Apparently, it was a good year to be No. 2 in Major League Soccer. Following Real Salt Lake's advancement on Sunday and Sporting Kansas City's a day earlier, both No. 2 seeds in the Western and Eastern Conference tables have advanced, setting up a 2013 MLS Cup that it's safe to say few expected.
For many, it had been preordained from the start of the postseason that the New York Red Bulls and the Portland Timbers would meet in the finale of the United States' soccer season. Or, if it wasn't both of them, at least one of the two teams that had topped their respective conferences would have at least gotten a shot.
But, alas, it wasn't meant to be. Real Salt Lake won both of their legs against Portland, good for an aggregate score of 5-2. Their celebration of their first MLS Cup appearance since 2009 even took place before a shell-shocked crowd at Portland's Jel-Wen Field.
Sporting Kansas City's triumph was a little less certain. Heading into Saturday's matchup at Sporting Park, the two teams had played to a scoreless draw two weeks prior. When the Dynamo took an early lead on Oscar Boniek García's goal in the third minute, it looked like Houston was on the precipice of knocking off both Eastern top seeds.
Only it wasn't to be. CJ Sapong knotted the match up in the 14th minute, and Dom Dwyer's second-half strike to the back of the net capped it off.
It may not have been the final anyone expected, but it's hard to argue there were two teams that played better when it counted most. With that in mind, let's check in with a complete preview of the 2013 MLS Cup, complete with a prediction for who will hoist the trophy.
When: Saturday, Dec. 7 at 4 p.m. ET
Where: Sporting Park in Kansas City
How Much Will Home-Field Advantage Play a Factor?
In structure, the MLS is in many ways an amalgam of United States and European concepts. The league uses a table rather than traditional divisional structure—though that's probably in large part due to the lack of teams in MLS—but splits into two regional conferences. They use the table points to create a European home-and-home playoff, which uses tradition and satiates our American need to have everything determined by a postseason tournament.
The MLS Cup, though? I have no earthly idea. Rather than continue the home-and-home concept, the MLS Cup is but a mere one-time deal. Which, of course, is all well and good. You're trying to draw excitement to your year's biggest event. Explaining aggregate scoring and all that nonsense to the casual fan is just asking for them to turn the channel.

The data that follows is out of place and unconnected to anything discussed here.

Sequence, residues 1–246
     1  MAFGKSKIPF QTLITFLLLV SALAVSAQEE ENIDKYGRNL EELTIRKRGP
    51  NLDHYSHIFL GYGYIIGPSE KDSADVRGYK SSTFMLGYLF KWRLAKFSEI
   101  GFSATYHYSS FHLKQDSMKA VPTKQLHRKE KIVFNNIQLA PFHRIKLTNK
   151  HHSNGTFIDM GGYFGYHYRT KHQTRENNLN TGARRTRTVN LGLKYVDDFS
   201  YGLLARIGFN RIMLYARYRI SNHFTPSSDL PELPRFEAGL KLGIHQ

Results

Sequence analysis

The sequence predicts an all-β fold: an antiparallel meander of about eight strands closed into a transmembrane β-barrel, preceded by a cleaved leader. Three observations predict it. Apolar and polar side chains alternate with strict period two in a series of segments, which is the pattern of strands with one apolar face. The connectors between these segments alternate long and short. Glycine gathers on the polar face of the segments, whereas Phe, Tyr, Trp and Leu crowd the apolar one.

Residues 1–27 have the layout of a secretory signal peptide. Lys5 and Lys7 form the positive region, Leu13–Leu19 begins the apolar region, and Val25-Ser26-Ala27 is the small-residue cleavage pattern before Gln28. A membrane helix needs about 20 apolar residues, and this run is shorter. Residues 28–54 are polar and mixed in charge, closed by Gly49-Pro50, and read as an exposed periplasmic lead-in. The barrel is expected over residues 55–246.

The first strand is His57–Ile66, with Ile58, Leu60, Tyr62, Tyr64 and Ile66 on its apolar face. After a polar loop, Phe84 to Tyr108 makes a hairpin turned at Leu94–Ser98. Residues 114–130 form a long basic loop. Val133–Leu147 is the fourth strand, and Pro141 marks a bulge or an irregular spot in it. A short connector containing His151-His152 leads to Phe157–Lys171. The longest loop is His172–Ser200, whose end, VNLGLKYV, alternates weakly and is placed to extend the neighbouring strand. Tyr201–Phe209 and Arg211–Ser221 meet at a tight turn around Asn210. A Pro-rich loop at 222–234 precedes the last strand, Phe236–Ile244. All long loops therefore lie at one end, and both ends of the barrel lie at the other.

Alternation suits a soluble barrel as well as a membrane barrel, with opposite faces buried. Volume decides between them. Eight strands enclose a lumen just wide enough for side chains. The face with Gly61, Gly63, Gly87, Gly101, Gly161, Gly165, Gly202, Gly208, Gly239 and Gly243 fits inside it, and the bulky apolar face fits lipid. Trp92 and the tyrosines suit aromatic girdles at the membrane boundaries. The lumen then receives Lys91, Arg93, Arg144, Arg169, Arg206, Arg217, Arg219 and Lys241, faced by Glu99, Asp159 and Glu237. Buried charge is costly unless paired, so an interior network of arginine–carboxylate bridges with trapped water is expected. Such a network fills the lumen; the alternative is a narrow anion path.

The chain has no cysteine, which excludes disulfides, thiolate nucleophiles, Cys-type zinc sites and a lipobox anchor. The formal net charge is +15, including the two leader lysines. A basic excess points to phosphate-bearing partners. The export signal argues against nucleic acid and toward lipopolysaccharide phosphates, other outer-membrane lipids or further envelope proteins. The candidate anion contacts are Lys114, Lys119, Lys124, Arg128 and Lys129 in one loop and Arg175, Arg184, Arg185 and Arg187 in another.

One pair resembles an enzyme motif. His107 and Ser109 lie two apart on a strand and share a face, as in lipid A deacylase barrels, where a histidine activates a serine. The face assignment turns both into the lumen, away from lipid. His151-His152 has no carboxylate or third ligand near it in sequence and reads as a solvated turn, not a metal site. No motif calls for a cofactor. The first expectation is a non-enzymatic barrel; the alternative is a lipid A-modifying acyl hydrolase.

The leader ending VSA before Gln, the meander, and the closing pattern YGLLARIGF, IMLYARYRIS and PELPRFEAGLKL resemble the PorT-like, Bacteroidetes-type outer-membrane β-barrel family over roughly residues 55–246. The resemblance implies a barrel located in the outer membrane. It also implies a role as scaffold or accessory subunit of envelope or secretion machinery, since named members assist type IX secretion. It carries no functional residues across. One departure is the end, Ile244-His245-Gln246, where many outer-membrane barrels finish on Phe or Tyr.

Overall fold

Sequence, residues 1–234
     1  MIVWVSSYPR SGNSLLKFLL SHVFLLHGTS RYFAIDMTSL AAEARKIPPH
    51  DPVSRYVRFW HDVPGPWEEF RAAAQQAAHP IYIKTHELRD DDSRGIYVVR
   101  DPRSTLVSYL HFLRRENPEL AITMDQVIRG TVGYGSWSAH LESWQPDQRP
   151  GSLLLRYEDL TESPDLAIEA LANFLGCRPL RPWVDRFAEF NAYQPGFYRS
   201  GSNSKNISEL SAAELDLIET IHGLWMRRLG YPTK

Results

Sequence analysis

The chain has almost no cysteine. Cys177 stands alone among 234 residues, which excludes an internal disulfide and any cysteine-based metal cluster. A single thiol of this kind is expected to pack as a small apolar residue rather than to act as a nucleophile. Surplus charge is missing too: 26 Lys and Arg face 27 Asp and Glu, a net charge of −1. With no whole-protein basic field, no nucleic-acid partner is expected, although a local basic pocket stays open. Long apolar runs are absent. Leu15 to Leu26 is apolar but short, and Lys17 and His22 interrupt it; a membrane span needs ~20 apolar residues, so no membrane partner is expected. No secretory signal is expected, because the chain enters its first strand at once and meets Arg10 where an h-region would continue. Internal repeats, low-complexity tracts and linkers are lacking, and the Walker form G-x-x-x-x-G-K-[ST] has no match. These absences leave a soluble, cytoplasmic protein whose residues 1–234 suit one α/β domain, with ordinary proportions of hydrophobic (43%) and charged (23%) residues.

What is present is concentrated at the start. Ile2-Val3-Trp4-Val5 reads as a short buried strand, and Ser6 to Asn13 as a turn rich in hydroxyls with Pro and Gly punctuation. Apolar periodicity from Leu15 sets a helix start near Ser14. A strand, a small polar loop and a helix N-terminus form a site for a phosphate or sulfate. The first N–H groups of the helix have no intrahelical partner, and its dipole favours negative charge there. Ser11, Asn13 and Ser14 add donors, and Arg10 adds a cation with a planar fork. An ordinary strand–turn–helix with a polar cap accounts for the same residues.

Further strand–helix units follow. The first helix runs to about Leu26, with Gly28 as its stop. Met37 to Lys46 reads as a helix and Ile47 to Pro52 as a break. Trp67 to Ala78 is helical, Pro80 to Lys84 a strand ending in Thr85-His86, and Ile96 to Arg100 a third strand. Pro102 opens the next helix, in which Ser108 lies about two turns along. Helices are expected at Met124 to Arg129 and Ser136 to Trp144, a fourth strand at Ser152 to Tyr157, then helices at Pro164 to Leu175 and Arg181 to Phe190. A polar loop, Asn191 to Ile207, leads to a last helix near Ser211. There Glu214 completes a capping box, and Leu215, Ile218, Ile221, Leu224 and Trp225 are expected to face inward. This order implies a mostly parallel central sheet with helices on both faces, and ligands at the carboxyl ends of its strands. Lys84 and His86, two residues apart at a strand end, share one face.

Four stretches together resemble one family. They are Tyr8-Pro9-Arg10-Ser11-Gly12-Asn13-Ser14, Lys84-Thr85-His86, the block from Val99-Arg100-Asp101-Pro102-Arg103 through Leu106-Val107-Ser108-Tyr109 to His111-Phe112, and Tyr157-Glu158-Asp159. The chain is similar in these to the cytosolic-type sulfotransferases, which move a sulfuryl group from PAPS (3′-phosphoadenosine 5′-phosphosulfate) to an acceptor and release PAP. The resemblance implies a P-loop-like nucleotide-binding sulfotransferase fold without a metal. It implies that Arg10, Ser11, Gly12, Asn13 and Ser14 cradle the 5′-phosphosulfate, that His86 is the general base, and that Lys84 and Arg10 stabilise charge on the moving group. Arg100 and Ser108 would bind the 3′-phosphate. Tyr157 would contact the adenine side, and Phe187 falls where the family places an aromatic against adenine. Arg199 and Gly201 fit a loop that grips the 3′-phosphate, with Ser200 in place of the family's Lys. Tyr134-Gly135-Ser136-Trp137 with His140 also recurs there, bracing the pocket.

But this arrangement? Where Kansas City gets to the one-off MLS Cup because of two table points? Yeah, that strikes me as a little odd.
Alas, it's the system in which these two teams are playing and could wind up playing a major factor. Kansas City have been stellar at home for the most of the season and especially of late, having recorded points in all but two of their matches at Sporting Park since the beginning of July. They've been better in nearly every category one can think of down the line, as one would expect when playing before fans who don't generally want to, like, throw batteries at you or something.
The home-road splits on both sides of the equation are so obvious they might as well be doing jumping jacks before our eyes. At home, Kansas City have scored 29 goals and allowed 15. On the road, they have scored only 18 goals compared to the same amount against.
How do Real Salt Lake fare, you ask? Oh, just about the same. Real have scored 31 times at home and allowed 16—a better home split than their opponent. And, on the road, their scoring has been stellar, putting up an MLS-high 26 road goals. But their defense becomes abysmal away from the friendly confines, dipping from elite levels to somewhere in the middle of the pack with 25 goals allowed.
It's impossible to know beforehand just how much that will play a factor in a one-game sample. Real Salt Lake, after all, managed to win a very respectable six road contests this year. And, in their one head-to-head matchup this season, Kansas City came away with a 2-1 victory. So it's not like playing a home-and-home would have guaranteed anything.
Either way, the MLS made one of their Cup representatives' lives a whole lot harder with the decision to move away from a neutral field.
If this were the other football, there would be plenty of bloviation about how these two sides juxtapose one another. On one side of the field, you have one of the league's best defensive teams in Kansas City. They managed to hold Houston to just one goal over 180 minutes, and Jimmy Nielsen has been spectacular all season despite his advanced age.
With Graham Zusi there to set up the goals and Claudio Bieler there to finish attempts off, Kansas City would seem to have just enough goal-scoring capabilities to pull it off.
On the other side, Real Salt Lake are just a scoring machine. The combination of Alvaro Saborío, Javier Morales and Joao Plata Cotera has given opponents fits all season long, no matter where the opening pitch came from. To expect them to be held scoreless for the entire match might be a stretch too far.
In other words, I expect this contest to be 1-1 very deep into the second half. When it comes to parsing which side will come out on top, I keep coming back to the one factor out of everyone's control: home field. Kansas City tied for the MLS high with 17 home wins during the regular season.
I think Zusi and Bieler both score to give the Sporting fans something to cheer about.
Score: Sporting Kansas City 2, Real Salt Lake 1
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